The 2010 version of the Top 25 list builds on the original 2009
version. Approximately 40 software security experts provided feedback,
including software developers, scanning tool vendors, security
consultants, government representatives, and university
professors. Representation was international.
The primary means of communication was through a private discussion
list, with the most activity occurring over a period of about 6
weeks. In 2009, there were multiple iterations of drafts. This year,
discussion was more focused on one or two areas at a time, and drafts
of smaller sections were posted for review.
Many Top 25 contributors advocated using a quantitative, data-driven
approach. However, while there is more data available in 2010 than
there was in 2009, it still does not have sufficient scale or
precision. It is still heartening to see more raw data being
The construction and development of the Top 25 occurred over the
following phases. Note that these phases are approximate, since there
many activities overlapped.
Preparation of the Nominee List
Top 25 participants were asked to re-evaluate the 2009 Top 25. For
each entry, they were asked whether to "Keep" or "Remove" the entry in
the 2010 list. They were also given a list of the "On the Cusp" items
from the 2009 Top 25, as well as additional entries that have appeared
more frequently in CVE data in recent years. Top 25 participants could
suggest new entries for addition - whether from "On the Cusp" or their
own nominees. The 2009 Top 25 was restructured to move some original
entries to the mitigations section, and to provide lower-level entries
instead of abstract ones. In some cases, this forced the creation of
new CWE entries (See Appendix B for details). If there was active
advocacy for any potential entry, then it was added to the Nominee
Selection of Factors for Evaluation
After some brief discussion, it was decided to use two factors,
Prevalence and Importance. While stringent definitions were originally
desired for each, more flexible definitions were created to allow for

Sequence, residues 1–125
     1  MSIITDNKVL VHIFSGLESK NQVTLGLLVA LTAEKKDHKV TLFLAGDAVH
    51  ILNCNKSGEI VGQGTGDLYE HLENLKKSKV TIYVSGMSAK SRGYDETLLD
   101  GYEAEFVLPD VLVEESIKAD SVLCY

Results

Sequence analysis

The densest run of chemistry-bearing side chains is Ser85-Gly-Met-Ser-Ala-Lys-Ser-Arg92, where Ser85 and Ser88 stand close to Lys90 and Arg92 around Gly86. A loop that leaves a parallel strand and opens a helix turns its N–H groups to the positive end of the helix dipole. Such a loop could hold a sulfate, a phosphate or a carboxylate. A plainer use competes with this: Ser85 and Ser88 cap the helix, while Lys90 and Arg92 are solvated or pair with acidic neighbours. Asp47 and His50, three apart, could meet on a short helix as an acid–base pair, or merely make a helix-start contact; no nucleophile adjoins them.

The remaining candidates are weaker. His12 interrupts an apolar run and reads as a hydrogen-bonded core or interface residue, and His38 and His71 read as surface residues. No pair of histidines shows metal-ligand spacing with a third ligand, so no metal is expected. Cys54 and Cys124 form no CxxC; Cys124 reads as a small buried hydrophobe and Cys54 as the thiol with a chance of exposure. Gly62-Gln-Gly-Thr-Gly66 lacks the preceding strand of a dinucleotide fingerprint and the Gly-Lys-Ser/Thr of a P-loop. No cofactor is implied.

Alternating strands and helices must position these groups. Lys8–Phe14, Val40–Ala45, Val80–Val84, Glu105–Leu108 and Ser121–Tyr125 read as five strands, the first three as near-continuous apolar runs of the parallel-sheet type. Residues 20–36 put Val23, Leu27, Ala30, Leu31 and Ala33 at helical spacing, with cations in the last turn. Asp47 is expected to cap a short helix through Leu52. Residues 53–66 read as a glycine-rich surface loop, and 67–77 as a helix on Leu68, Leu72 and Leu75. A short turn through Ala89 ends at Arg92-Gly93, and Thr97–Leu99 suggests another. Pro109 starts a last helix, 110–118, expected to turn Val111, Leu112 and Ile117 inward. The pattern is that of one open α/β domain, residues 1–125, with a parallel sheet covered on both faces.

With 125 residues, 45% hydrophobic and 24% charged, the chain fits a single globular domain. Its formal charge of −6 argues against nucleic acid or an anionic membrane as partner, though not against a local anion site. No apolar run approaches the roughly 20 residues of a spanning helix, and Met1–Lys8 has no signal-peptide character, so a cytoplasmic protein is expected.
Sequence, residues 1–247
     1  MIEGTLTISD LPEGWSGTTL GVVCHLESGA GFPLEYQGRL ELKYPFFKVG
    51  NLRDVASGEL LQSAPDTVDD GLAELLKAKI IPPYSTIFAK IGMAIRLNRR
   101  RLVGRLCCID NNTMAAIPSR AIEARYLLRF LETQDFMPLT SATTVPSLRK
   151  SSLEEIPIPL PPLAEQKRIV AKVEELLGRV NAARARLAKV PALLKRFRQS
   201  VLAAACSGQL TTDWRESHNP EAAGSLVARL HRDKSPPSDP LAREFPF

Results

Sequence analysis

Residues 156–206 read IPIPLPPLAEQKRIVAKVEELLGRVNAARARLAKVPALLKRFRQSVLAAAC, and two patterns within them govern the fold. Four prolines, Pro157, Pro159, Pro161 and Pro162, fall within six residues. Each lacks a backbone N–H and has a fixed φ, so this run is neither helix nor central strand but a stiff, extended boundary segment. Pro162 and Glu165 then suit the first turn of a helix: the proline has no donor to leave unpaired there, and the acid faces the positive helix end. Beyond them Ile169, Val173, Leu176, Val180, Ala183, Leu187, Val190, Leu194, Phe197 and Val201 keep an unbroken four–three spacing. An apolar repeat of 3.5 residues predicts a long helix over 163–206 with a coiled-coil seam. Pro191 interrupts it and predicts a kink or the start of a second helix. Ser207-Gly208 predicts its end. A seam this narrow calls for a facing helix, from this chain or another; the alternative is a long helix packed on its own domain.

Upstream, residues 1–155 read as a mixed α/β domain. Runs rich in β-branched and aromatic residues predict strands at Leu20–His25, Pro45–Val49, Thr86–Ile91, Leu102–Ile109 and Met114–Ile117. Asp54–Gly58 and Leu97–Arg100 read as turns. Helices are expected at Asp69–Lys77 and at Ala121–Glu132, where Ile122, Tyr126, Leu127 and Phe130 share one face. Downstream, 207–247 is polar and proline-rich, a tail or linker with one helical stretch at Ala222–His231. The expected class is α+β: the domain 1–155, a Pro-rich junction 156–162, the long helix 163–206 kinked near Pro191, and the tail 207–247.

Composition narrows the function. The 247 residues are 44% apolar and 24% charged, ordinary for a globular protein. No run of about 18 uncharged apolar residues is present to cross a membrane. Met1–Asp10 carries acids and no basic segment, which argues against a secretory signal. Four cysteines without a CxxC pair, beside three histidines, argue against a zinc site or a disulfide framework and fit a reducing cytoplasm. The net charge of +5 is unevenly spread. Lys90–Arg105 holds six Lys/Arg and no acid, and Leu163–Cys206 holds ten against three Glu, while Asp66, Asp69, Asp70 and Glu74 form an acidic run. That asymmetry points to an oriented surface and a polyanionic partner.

diverse roles within the software security community.
Prevalence would be evaluated according to this criterion: "For each
'project' (whether a software package, pen test, educational effort,
etc.), how often does this weakness occur or otherwise pose a problem?"
For Importance, the criterion was: "If this weakness appears in
software, what priority do you use when making recommendations to your
consumer base? (e.g. to fix, mitigate, educate)."
Nominee List Creation and Voting
After the factors were decided and the final Nominee List was created
(with a total of 41 entries), participants were given a voting ballot
containing these nominees. For each nominee entry, the ballot provided
space for the voter to provide a Prevalence rating, an Importance
rating, and any associated comments.
Participants were given approximately one week to evaluate the items
and vote on them. This was ultimately extended for three additional
Since the voting process was conducted by manually filling out a form,
some inconsistencies and incomplete results occurred. This would
trigger an exchange of email until the final ballot was selected. The
main area of contention was the limitation of 4 ratings each for
"Critical" importance and "Widespread" prevalence.
Voting rules were refined to ensure that each organization only
submitted one ballot, to avoid the possibility that a small number of
organizations could bias the results too much. Generally,
organizations that needed to merge multiple ballots foundthe exercise
informative in clarifying their own perspectivesamongst each other.
Selection of Metrics
During the voting period, participants were provided with several
possible methods for scoring voting ballots and devising metrics. Some
proposals added the two Prevalence and Importance factors
together. One proposal used the squares of each factor. Other
proposals used different weights or value ranges. Some proposed
metrics suggested using higher values for "Widespread" prevalence and
"Critical" importance, since these were artificially limited to 4
ratings for each factor per voter.
The selected metrics were then evaluated by a skilled statistician for
validity using several methods including chi-square.
The final selection of a metric took place once the validation was
Selection of Final List (General Ranking)
After the selection of the metric, and the remaining votes were tallied, the Final List was selected using the following process.
- For each weakness in the Nominee List, all associated votes were
collected. Each single vote had a Prevalence and Importance rating. A
sub-score was created for this vote using the selected metric. For
each weakness, the sub-scores were all collected and added together.
- The Nominee List was sorted based on the aggregate scores.
- The weaknesses with the 25 highest scores were selected from the
- The remaining weaknesses were added to the "On the Cusp" list.
- Some of the originally-proposed metrics were considered for use in
additional Focus Profiles.
More information is available — Please select a different filter.